Full disclosure, I’m a veteran. When I retired from a career in the Air Force, I wasn’t looking for a second career. I planned to spend time with my family before the girls left home for college, do a little fishing, and maybe raise some cattle. Then, a mutual friend let me know that ILSA was looking for help to re-tool their data management system. It was supposed to be a short-term gig. Eighteen years later, I’m still here – and General Manager. (How did THAT happen?)
Still, my experience isn’t typical. Many men and women transitioning from military to civilian life face an uphill battle – no pun intended. This is especially true for younger veterans, those who enlisted for only one or two tours of duty. Many of them have young families to support and are moving into what should be their prime earning years. They want and need jobs in the corporate world. But business owners and hiring managers are often reluctant to employ them.
Why, and what can we do to overcome the obstacles they face?
Overcoming the (Skills) Language Barrier
While listening to a recent Spot On Insurance podcast with Marine veteran Matt Sapaula, he described his own difficulty in translating the skills he acquired during his military service. Veterans who simply recount their MOS (military occupational specialty, for you civvies) on their resumes are likely to be met with blank stares or even looks of alarm from hiring managers. It also doesn’t help that veterans may be less comfortable with the interview process.
That doesn’t mean that military experience isn’t valuable, however. Veterans – and recruiters willing to invest time to dig deeper – need to focus on the skills behind the skills. As Ted Taveras pointed out in that same interview, while Matt’s ability to disassemble and reassemble a 50-caliber machine gun while hanging upside down blindfolded may not directly translated to the boardroom, the ability to remain on task and block out distractions is a skill employers are desperate for. Many military specialties instill some of the most sought-after soft skills: leadership, collaboration, adaptability, self-discipline, work ethic, time management, focus, etc. Also, veterans with technology skills – especially in the areas of cybersecurity – may be ideally positioned to take leadership roles in a sector taking an increasingly militarized approach to security.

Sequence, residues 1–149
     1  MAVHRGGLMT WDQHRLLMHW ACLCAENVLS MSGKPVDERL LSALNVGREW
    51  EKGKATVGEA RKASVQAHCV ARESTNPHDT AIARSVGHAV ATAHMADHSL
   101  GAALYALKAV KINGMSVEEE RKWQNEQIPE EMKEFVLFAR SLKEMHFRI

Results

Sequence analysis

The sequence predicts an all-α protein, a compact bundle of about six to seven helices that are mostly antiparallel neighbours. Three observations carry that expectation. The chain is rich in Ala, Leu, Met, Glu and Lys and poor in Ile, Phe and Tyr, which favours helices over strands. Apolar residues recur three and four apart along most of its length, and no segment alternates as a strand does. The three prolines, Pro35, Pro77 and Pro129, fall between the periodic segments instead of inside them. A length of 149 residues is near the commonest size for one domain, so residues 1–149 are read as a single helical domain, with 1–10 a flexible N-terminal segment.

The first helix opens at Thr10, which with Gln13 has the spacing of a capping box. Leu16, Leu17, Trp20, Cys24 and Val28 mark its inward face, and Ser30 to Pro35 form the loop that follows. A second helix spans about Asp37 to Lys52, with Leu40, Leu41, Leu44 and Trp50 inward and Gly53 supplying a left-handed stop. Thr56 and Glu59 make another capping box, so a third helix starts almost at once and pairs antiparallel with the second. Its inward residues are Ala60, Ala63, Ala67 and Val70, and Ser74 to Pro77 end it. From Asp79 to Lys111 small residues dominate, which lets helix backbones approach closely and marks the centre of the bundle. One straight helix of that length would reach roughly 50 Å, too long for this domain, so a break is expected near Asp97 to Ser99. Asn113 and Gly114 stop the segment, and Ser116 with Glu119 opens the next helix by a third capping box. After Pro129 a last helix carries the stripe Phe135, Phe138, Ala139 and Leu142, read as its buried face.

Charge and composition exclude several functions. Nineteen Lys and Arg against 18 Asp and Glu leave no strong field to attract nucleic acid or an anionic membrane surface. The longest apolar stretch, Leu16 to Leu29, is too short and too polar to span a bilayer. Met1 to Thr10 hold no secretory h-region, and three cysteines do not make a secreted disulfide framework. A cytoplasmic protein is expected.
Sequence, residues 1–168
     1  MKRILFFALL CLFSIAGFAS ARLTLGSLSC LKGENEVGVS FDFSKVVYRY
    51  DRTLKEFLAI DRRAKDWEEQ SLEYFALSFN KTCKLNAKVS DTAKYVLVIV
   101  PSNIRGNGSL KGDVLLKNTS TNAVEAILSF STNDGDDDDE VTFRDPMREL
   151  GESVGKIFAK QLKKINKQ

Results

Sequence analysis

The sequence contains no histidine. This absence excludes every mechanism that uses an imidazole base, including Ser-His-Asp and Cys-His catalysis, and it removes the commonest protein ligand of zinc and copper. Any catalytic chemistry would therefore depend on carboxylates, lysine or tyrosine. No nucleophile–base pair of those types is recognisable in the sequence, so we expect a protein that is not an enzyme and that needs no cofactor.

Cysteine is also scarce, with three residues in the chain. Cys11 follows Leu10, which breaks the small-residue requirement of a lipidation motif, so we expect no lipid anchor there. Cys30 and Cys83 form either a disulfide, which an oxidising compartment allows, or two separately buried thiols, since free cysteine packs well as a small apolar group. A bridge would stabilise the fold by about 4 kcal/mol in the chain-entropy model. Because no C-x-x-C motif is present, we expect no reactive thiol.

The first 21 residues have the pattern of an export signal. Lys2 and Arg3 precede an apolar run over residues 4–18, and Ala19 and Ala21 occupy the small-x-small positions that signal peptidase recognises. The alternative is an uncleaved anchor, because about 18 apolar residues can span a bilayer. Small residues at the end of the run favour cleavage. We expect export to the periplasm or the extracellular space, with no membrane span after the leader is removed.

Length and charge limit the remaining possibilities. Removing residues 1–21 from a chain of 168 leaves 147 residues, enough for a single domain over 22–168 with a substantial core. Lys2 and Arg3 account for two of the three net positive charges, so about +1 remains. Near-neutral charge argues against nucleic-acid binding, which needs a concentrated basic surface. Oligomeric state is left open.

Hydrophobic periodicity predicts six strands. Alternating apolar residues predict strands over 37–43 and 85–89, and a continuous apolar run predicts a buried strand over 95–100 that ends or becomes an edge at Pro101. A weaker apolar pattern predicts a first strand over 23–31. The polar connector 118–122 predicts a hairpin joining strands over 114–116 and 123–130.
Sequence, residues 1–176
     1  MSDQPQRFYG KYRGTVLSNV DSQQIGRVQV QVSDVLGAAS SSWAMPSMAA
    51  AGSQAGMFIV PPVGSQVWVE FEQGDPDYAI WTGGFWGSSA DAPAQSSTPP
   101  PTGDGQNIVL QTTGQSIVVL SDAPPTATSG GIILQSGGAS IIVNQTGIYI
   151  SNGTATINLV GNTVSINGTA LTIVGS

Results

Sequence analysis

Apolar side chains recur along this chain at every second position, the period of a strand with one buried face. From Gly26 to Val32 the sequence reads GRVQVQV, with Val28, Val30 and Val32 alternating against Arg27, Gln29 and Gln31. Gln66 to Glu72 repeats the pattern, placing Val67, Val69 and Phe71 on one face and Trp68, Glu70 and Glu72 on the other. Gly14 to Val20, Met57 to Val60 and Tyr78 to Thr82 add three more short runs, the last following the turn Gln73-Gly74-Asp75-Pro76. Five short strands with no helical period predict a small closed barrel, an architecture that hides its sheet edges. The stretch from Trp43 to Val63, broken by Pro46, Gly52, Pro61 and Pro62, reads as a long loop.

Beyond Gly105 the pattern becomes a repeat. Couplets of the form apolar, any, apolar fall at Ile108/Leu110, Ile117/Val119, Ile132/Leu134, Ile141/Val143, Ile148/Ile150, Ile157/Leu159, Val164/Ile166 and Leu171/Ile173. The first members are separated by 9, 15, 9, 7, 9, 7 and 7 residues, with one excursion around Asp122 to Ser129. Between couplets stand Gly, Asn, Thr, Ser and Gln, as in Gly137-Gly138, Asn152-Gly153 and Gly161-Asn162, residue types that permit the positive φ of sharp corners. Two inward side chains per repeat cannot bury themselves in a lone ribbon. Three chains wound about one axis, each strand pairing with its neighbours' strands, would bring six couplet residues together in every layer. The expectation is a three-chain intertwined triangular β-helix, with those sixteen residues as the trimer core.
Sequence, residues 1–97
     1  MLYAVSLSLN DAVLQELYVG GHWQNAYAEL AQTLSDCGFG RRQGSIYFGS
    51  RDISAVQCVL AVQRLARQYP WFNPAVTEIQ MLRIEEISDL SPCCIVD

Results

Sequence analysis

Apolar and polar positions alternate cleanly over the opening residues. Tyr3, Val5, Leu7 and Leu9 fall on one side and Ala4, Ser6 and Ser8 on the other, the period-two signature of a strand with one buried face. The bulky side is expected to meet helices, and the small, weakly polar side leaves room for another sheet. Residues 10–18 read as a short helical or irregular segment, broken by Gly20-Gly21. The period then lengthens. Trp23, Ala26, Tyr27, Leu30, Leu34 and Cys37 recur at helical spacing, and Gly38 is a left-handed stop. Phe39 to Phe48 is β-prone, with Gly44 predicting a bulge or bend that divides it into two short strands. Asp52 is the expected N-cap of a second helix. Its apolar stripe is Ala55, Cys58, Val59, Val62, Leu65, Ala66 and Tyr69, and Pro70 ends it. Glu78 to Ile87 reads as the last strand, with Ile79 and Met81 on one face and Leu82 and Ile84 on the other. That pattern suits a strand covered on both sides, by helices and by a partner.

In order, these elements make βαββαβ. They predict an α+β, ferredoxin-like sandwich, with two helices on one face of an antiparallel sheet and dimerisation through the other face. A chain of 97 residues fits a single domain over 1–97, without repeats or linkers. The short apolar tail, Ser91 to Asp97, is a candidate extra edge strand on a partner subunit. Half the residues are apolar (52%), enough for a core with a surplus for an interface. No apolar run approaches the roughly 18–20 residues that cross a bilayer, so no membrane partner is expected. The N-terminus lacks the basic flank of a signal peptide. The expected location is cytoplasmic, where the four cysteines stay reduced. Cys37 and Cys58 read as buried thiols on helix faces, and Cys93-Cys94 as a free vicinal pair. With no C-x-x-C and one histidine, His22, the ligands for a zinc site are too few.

Another common concern for employers is the perceived healthcare costs for veterans, especially for those who experienced physical or emotional trauma. The widespread use of IEDs (improvised explosive devices) in the various conflicts in the Middle East do sometimes result in terrible injuries that leave our veterans dealing with a “new normal.” But want to guess what the most common service-connected disability is? Ringing in the ears! According to the Veteran Benefits Administration Report for Fiscal Year 2018, tinnitus was the most prevalent service-connected disability for new compensation recipients, with 157,152 claims. Post-traumatic stress disorder (PTSD) was No. 8 on the list, with 46,931 claims.
Don’t forget, too, that the medical costs associated with service personnel’s disabling injuries fall under the Veteran’s Administration system. While the VA healthcare system has had its share of scandals in the past, things are turning around. One solution involves allowing veterans easier access to private healthcare providers. The bills go the VA, though, not to any private insurance plan the veteran may have.
Corporate Culture Fit
No doubt about it, the corporate environment is a LOT more relaxed now than it was even a decade ago. Business suits and executive washrooms have made way for business casual and open plan offices. Team managers sometimes doubt that by-the-book, spit-and-polish military types will blend easily into that laid back environment. Some managers also believe that folks used to following orders won’t be self-starters.
Ironically, those same managers talk about needing people who can work effectively as a team. Teamwork is fundamental to military life. Soldiers (and airmen, sailors and marines) live, work and play together – especially during deployments. Every branch of the service has its own version of the “No one left behind” ethos. These are the team players and leaders you’re looking for!
Additionally, the armed forces draw individuals from every part of the country and every economic and cultural background. It’s a microcosm of our America culture. That’s why the military provides extensive diversity and inclusion training for service personnel at every stage of their careers.
It doesn’t help that a smaller percentage of Americans than ever (fewer than 1%) actually serve in the military. People don’t have a lot of experience with active duty personnel or veterans. That divide is a breeding ground for misunderstandings. Of course, veterans do face a certain adjustment period — beyond just having to decide what to wear. But often, a change of culture is just what veterans want. They’re ready for a less-structured, more collaborative approach to their professional lives.
Another Kind of Diversity and Inclusion
The insurance industry is changing, FAST. Agility and adaptability have never been more essential. Businesses need diverse and inclusive work forces to be agile and adaptable. That doesn’t mean just checking off ethnicity or gender identification boxes. It means welcoming a broad range of life experiences, learning and communication styles and problem-solving approaches. Our veterans are ideally suited to help employers achieve this goal. Give them a chance. You’ll get back so much more!